I am fortunate to have a trailhead less than a half a block from my home that goes up and across a series of mountains. Because I frequently climb the mountains for exercise, I don’t pay much attention to what I’m doing. What some people would consider a risk, I consider daily exercise.
The level of risk in any situation is definitely in the eye of the beholder.
Sunday I decided to pay attention to my actions. If I were to give anyone advice about following the mountain trail, I wanted to be clear on the steps I took. While doing so, I realized that the steps for making my hike safe and enjoyable were also good lessons for my business.
First, to get to the top of the first peak, I have to make my way up a crevice near the top. This means I have to rely on my arm strength to pull me up as I find foot holes for balance. Before I move my feet, I have to make sure my grasp is solid. The rocks I am holding onto can’t be loose.
Lesson #1: Before making a risky move, make sure you have something solid to hold onto—facts, plans, friends, and a vision can help.
Second, if I choose to run down the mountains, I find it actually easier and faster to lean forward instead of back. I can see the ground. My motion is more fluid. I’m not putting as much pressure on my joints than if I were to lean backward.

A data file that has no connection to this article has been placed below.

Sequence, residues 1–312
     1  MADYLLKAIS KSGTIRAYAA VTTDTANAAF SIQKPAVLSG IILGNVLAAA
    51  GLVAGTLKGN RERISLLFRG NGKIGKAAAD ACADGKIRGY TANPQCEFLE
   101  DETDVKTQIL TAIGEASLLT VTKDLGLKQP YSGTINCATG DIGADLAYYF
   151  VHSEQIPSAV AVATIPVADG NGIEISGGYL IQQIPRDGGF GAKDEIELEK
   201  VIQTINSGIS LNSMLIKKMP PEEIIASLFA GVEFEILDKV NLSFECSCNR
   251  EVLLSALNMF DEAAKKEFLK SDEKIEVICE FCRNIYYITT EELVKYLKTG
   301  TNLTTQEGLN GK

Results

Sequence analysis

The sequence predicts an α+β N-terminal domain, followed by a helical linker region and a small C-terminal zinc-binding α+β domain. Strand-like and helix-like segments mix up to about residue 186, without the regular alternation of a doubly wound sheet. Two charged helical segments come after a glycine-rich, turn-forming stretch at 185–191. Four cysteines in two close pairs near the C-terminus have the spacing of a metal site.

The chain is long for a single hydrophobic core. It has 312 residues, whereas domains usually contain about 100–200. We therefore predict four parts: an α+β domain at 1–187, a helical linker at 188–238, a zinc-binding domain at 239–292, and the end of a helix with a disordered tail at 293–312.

Lesson #2: Instead of relaxing, pick up speed when your tasks are easier. This is your chance to make up time and carve out free time for later. Stay as focused on what you are doing as if you were under pressure; don’t give in to the urge multitask.
Third, there are many forks in the road to choose from. Sometimes the one that looks scarier at the start is the one that has the best path to the top. If I only act by habit, I miss opportunities.
Lesson #3: Don’t just stay on the path you are on. You have to periodically reinvent both your business and your strategy to stay alive in the marketplace. Look around for other paths that might work better now. Test the paths out…know where they go before you say no to a new way.
Fourth, don’t go off the path just because you think it’s a good shortcut (another path is okay, but getting off track is wasteful). Shortcuts never work. I end up with rocks in my socks and cuts from thorny bushes. I often have to backtrack when I find myself facing a brambled wash that could be shelter for a rattlesnake.
Lesson #4: It’s easy to be distracted by promises of easy success or the lure of something you’d rather do than your work.
Fifth, bring more water than you think you need. Wear the right clothing for the weather. Take a friend along to enjoy the journey and to help if something goes wrong.
Lesson #5: If you prepare well, you decrease the risk.
Have a productive, enjoyable and risky week!